Tributes to Bill upon his passing
William T. Powers, the engineer/psychologist who developed Perceptual Control Theory (PCT) passed away on May 24, 2013 at the age of 86. He will be laid to rest next to his wife, Mary, in a cemetery overlooking the city of Durango, CO. His work will continue, pursued by those who came to know Powers and PCT. His theory will someday receive the recognition it deserves, and so will he.
Philip J. Runkel’s tribute to Powers while they were both alive
Martin Taylor’s tribute to Powers
About Bill Powers from livingcontrolsystems.com
August 29, 1026 – May 24, 2013
Bill provided this autobiographical sketch in July, 2006:
I was in the Navy from age 17 to 19 (1944 to 1946), which is where I learned electronics, had my first experiences with repairing and maintaining various kinds of servomechanisms, and learned some basic feedback theory. I went into college in 1947 and graduated from Northwestern U. in 1950 with a BS in physics and mathematics. Then in 1952 after bumming around for a while in dianetics and working in a television manufacturing company, I went to work as a junior health physicist at the Argonne Cancer Research Hospital at the U of Chicago, where I learned some more about control systems. That’s where I was when Bob Clark (whom I had known from dianetics and who was working with me on a feedback model of behavior) had an offer to start a new health physics department at the VA Research Hospital in Chicago, and in 1953 managed to get me a position there developing electronic systems for medicine, with half of my time supposedly free to work with control models of behavior. Bob MacFarland was chief clinical psychologist there. That’s where I learned about analog computing (Philbrick) and had my first experiences programming a digital computer (IBM 650). I designed an automatic underwater isodose tracing system for a rotating Cobalt-60 therapy machine, using an analog computer as the control system. The late John Chancellor of NBC interviewed me about it. In 1960 I was first author of the paper in Perceptual and Motor Skills on “feedback theory” with Clark and MacFarland, and we split up when MacFarland advised me I had done about all I could and should turn the control theory project over to people with PhDs, meaning him and Clark. I said goodbye and decided to try to get my own PhD.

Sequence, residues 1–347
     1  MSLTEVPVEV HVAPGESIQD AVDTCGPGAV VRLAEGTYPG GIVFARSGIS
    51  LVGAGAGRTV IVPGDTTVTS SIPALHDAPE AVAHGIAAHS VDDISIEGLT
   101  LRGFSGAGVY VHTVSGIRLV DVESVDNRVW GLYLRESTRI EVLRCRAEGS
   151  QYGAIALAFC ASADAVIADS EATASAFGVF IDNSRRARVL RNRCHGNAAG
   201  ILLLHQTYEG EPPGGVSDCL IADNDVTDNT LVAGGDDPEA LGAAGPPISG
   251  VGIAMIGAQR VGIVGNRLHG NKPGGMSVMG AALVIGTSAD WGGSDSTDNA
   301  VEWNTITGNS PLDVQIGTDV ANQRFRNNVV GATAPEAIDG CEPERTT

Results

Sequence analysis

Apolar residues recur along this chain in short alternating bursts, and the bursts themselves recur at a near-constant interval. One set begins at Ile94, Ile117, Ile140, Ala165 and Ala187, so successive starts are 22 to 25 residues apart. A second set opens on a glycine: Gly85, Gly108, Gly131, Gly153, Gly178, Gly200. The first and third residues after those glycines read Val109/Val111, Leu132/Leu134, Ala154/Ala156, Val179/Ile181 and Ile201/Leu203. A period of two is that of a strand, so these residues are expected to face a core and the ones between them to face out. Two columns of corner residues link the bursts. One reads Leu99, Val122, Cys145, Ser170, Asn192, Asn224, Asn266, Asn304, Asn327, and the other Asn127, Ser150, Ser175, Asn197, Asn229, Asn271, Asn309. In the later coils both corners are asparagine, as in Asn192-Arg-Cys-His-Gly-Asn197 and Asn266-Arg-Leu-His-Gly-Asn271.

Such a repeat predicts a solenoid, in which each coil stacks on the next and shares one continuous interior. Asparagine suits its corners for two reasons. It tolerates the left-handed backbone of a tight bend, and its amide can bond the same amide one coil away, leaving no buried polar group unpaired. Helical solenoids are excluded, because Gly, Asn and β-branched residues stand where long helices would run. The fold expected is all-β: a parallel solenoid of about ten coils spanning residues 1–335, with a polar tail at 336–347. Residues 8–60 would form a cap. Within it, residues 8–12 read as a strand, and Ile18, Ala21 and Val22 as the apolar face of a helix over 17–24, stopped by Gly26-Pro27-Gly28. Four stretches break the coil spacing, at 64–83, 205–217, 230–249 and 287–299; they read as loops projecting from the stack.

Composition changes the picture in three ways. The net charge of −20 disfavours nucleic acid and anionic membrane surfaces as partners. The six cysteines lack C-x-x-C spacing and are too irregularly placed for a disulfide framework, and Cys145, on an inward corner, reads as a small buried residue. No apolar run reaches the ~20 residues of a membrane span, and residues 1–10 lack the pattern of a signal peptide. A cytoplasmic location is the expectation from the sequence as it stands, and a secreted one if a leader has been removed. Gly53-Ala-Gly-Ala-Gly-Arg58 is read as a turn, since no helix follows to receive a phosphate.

I knew Donald Campbell by then, and through him got a scholarship to enter graduate school in psychology in 1960 at Northwestern, where he taught. But I left after one year because my proposed Masters Degree thesis, involving control by rats, was not acceptable to the Spencian psychologists then in charge. Note that this was 10 years after I got my BS.
After I left the graduate school I went to work at Dearborn Observatory at Northwestern (I had worked there in my undergraduate years to supplement the GI Bill). While there I designed and built low-light-level television systems for astronomy, and designed and built a semi-automated observatory in New Mexico, used for successful supernova searches and other things. I also designed and built an all-sky survey photometer for use on the Moon in connection with Apollo 18, which was canceled (17 was the last one). And in my spare time, I worked on the manuscript which became B:CP 12 years later. Don Campbell, by the way, was instrumental in getting Aldine to publish it. He understood exactly why I had left the graduate school, and said I had done the right thing.
When B:CP [Behavior: The Control of Perception] came out in 1973 I resigned from the observatory (astronomy was then in a period of decline with the end of the Apollo era) and sought to make money by consulting (and producing a board game, Trippples, which you can Google). After five years of giving seminars and publishing papers on feedback theory and using up Mary’s and my savings, I took a job at the Chicago Sun Times working as a technician on their editorial computer system. I got the Marshall Field Award for developing a microcomputer system for receiving the stock market tables by satellite and automatically formatting them and sending them to the phototypesetter. We had stock tables on the streets three hours before any other newspaper in Chicago had them, including the Tribune, our arch-rival (hence the award). I worked there from 1978 until I retired in 1990. The CSG [Control Systems Group] was formed in 1985, so my two lives overlapped there, too.
A pdf that includes this and information on Powers’ publications:
For more personal information about William T. Powers, see Festschrift
For Bill’s personal site, click here